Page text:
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Aerocool's P7-L240 closed-loop liquid CPU cooler reviewed


Dare to be different

Closed-loop liquid coolers have become a pretty standard formula over the past few years. Start with a pump from Asetek (or perhaps CoolIT Systems), put a custom housing on it with a dash of RGB LEDs if you're feeling spicy, throw your own fans in the box to complete the package, and voila—you're cooling with liquid. This arrangement has let many a PC component maker get in on the all-in-one liquid-cooling fun, but it does lead to a certain sameness in the pages of liquid-cooling hardware available on Newegg.

The folks at Aerocool are taking a different tack for their first all-in-one liquid cooler. The Project 7 P7-L240 starts with a massive proprietary pump housing that is, as far as I can tell, an in-house design that owes little to the CoolIT or Asetek pumps of the world.

The most telling sign that the P7-L240 isn't your average CLC is its partially user-serviceable design. Pop the logo plate and metal surround off the top of the pump with a gentle twist, and you're greeted with a refill port. The transparent pump housing offers easy monitoring of fluid levels in a system, and the fill port could help extend the life of the cooler if that fluid level does eventually drop over time.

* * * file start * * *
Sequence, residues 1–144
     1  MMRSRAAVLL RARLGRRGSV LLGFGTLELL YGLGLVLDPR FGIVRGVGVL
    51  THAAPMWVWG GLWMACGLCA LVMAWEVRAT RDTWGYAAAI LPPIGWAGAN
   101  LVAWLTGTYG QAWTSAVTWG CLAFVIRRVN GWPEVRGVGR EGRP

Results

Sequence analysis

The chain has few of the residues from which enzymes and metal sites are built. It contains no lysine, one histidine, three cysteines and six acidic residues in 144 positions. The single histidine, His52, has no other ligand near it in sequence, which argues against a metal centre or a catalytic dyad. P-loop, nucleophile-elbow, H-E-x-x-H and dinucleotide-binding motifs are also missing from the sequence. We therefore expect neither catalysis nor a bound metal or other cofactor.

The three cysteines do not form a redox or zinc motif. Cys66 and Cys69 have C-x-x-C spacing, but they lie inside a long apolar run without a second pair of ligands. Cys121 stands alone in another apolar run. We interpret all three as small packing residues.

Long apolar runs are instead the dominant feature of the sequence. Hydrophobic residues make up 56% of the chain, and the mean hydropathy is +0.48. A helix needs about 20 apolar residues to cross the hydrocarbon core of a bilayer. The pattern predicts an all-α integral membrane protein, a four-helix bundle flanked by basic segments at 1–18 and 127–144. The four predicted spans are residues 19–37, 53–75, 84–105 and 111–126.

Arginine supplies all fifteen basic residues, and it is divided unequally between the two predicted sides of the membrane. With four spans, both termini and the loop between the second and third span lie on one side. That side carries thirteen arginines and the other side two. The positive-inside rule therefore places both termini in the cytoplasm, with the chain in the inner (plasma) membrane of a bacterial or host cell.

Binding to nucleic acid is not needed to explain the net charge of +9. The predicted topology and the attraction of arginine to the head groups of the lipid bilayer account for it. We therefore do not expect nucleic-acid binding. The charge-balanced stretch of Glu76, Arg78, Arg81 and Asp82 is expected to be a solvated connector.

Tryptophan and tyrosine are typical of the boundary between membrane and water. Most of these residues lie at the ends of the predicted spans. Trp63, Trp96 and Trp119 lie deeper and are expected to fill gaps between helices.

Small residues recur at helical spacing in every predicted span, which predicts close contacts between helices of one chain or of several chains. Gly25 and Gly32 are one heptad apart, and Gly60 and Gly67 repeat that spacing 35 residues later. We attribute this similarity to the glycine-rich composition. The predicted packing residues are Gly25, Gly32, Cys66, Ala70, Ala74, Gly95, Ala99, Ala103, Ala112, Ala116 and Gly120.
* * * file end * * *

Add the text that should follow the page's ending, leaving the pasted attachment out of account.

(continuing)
Aerocool doesn't offer any guidance on what the stock coolant is composed of, but we imagine one could use a standard coolant like EK's CryoFuel clear premixed coolant if needed. A coolant with some form of anti-corrosive additives would be a must for anyone motivated to top up this cooler, since the P7-L240's combo of an aluminum radiator and a copper cold plate has the potential to cause galvanic corrosion in the loop.

The copper cold plate itself has a beefy square central section that sits pround of the rest of the plate. This central section will fully cover Intel LGA 115x and AMD AM4 CPUs, and it provides plenty of coverage on Intel's larger Skylake-X and Broadwell-E heat spreaders, too.

Aerocool connects the pump to the 240-mm radiator using a pair of nice-looking sleeved hoses. These coolant-carriers are nice and pliable, although they are a bit short to my eye. Builders looking at the P7-L240 will likely want to consider mounting this system's radiator to the top of a case as a result.

The radiator end of the P7-L240 is a standard-looking, standard-thickness 240-mm unit at first glance, but Aerocool claims that its radiator has a lower fins-per-inch count than average to allow for better airflow through the unit. This seems like an optimization for Aerocool's own fans, and if so, the ability to tune fins-per-inch to the fans that will move air over them seems like another advantage of taking cooler development in-house for Aerocool.

The pair of pre-installed Aerocool 120-mm fans on the P7-L240 boast 600-RPM-to-1800-RPM speed ranges, and they can be controlled through PWM fan headers. Aerocool says these spinners turn on hydraulic bearings, and their translucent hubs hide quartets of RGB LEDs.